Trying to piggyback on your competitors' search engine success doesn't always pay off, new research reveals.
Buying keywords of a popular competitors' brand name on search engines, such as Google and Yahoo, can backfire, according to a new study in Marketing Science, a journal of the Institute for Operations Research and the Management Sciences.
The study found that besides buying keywords specific to their own company, businesses often buy brand names of better-known rivals' to reach consumers looking for a rival's products or to be seen alongside more popular companies. Online advertisements employing such keywords are called search ads.
Researchers point to car manufacturers as an example. They said sometimes a brand, such as Nissan Altima, will buy search ads to reach customers conducting a search using a rival's brand name, such as Camry, as the keyword. However, they discovered that such ads can fail if the advertising brand is inferior in quality compared with the rival brand.
The study's authors said contrary to common belief, when an inferior brand's ad is seen next to a superior brand's Web links, the large difference in reputation is further magnified in the minds of consumers.
Woochoel Shin, one of the study's authors and a professor at the Warrington College of Business Administration, said the proximate placement of two brands very dissimilar in quality, such as Sony and Haier, causes the higher-end brand, Sony, to be rated higher than usual, while the lower-end brand, Haier, is rated lower than usual.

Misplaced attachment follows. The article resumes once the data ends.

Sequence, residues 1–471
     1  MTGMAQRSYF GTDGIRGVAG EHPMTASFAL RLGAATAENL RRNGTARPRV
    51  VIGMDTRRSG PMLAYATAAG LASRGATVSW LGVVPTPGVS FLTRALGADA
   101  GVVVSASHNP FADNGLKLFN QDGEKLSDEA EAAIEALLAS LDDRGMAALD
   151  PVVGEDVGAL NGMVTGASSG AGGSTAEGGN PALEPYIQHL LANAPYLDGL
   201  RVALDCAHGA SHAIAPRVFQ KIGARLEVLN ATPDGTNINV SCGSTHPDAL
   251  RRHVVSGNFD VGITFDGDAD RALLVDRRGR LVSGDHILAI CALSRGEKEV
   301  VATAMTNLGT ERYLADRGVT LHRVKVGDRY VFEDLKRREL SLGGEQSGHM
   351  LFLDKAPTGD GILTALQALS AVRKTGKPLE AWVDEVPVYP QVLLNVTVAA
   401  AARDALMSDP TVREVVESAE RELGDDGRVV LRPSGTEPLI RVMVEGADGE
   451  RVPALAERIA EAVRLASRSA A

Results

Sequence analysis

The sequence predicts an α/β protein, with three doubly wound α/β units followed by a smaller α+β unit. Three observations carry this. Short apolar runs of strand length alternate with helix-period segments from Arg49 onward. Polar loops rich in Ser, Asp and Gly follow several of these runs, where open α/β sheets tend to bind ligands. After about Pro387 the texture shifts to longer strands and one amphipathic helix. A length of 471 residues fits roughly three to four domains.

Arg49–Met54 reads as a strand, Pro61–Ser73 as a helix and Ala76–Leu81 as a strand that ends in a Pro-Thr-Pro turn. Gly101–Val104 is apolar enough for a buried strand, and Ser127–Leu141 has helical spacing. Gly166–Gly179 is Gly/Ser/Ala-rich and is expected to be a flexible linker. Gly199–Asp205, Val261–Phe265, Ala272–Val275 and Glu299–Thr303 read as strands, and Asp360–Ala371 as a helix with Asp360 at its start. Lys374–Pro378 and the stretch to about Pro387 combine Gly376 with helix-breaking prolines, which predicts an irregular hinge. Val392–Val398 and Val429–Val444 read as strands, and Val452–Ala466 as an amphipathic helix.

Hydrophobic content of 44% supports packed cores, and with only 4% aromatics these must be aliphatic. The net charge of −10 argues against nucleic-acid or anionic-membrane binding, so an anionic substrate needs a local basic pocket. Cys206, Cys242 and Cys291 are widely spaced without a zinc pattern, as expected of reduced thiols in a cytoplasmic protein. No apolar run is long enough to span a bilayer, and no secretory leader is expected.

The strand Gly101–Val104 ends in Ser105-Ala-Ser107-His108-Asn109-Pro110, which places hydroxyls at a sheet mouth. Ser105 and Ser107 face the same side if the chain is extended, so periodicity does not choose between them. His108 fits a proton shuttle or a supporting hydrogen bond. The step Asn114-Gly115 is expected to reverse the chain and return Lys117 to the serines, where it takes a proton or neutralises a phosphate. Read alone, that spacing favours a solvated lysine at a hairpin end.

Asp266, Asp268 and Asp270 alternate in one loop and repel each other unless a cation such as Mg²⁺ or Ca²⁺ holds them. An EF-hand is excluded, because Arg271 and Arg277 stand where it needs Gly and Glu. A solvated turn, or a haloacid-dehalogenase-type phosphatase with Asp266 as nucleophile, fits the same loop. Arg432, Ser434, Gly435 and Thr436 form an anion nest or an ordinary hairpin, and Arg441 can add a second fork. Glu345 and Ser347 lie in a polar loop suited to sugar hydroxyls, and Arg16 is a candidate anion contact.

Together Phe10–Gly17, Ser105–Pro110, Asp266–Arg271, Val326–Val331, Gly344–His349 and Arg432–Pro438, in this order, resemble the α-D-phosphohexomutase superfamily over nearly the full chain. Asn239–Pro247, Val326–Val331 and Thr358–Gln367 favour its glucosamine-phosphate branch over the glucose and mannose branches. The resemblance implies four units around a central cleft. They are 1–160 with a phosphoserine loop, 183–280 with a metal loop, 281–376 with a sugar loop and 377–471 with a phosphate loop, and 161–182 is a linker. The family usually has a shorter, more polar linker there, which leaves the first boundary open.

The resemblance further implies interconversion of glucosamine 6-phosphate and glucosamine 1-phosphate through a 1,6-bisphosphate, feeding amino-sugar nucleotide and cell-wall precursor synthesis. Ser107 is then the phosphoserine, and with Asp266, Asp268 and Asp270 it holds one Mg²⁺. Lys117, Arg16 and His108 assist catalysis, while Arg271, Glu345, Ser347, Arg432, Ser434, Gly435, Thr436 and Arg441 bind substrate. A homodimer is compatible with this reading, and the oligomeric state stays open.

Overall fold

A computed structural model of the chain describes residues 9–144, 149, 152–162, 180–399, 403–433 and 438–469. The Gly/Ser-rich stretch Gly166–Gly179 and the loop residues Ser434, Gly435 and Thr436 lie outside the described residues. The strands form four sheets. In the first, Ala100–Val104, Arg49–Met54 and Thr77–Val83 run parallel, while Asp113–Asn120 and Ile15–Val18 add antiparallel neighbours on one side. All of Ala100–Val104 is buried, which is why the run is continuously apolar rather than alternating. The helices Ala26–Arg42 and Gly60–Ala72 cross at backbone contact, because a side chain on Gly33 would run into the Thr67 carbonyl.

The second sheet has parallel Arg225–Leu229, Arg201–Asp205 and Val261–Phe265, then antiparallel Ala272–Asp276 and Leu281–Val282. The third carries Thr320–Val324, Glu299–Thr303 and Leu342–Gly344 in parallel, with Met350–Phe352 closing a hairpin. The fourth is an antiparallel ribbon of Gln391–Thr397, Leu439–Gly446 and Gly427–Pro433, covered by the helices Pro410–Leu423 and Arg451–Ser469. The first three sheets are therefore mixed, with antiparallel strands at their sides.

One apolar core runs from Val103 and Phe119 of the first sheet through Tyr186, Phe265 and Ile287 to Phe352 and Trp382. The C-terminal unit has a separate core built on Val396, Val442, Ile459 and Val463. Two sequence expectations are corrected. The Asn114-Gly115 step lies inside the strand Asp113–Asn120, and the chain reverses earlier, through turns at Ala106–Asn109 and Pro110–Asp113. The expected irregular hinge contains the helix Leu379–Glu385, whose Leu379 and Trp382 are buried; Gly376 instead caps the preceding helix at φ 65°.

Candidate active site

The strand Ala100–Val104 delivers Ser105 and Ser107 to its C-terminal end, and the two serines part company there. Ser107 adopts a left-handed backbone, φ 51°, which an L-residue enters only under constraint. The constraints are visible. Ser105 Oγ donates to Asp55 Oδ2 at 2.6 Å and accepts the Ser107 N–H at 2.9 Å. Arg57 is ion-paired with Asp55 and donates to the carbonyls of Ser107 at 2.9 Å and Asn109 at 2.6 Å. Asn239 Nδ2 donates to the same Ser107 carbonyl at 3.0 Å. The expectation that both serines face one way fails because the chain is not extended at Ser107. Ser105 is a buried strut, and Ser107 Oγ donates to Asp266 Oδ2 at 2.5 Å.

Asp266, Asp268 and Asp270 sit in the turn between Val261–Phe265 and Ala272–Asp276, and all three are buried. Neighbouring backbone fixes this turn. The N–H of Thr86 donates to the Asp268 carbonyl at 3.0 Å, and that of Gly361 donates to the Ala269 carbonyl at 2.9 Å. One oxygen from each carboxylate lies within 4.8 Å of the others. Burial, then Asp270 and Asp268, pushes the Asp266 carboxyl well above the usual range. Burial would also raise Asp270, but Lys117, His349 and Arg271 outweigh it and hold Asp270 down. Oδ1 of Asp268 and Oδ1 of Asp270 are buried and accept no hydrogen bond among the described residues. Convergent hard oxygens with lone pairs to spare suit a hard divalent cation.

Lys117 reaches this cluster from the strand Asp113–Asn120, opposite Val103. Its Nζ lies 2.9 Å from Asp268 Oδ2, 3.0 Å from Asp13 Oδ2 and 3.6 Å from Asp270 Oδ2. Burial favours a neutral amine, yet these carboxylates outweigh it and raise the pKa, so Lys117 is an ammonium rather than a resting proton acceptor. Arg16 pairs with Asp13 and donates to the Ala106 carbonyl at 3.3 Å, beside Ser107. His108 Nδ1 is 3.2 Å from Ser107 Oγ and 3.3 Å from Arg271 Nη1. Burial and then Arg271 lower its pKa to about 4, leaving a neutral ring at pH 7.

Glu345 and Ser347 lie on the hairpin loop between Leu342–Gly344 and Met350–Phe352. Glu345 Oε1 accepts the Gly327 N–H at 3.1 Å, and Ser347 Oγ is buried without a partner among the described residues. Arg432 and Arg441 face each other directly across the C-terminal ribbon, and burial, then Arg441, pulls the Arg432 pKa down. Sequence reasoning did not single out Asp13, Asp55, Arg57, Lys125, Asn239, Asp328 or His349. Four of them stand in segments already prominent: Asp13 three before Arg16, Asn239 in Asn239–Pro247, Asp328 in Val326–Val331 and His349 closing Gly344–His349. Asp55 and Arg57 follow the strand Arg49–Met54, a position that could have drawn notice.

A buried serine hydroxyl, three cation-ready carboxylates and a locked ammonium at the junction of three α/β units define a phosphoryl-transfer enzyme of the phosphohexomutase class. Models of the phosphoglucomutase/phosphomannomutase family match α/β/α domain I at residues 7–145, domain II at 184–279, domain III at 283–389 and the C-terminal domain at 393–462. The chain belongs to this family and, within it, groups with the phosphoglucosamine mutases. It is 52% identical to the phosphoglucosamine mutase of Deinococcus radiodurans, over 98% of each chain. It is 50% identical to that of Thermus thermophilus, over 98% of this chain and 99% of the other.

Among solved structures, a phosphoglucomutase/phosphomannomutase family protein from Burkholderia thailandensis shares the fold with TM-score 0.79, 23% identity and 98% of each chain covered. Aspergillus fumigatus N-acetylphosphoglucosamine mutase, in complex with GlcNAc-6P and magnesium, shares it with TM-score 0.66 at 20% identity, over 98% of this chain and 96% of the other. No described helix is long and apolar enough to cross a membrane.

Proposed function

He said that these results would reverse if the two brands were similar in quality, such as Camry and Altima.
"In the latter case, the advertised brand, Altima, would be rated higher than usual and the reference brand, Camry, would be rated lower than usual," Shin said in a statement. "Thus, the choice to advertise a target brand in searches for a rival brand is not obvious but depends on the quality difference between the two brands."
Based on their results, the authors conclude that lesser-known brands that want to free-ride on their competitor's fame should not advertise on the rival's brand name if they are significantly inferior. On the other hand, businesses that are just slightly inferior to a competitor should consider advertising in searches for the rival brand.
Since optimizing the set of keywords to use in search advertising is one of the most challenging problems faced by advertisers, the researchers believe their results provide a framework for choosing keywords among brand names.
The study was co-authored by Preyas Desai and Richard Staelin, professors at Duke University's Fuqua School of Business.
Originally published on Business News Daily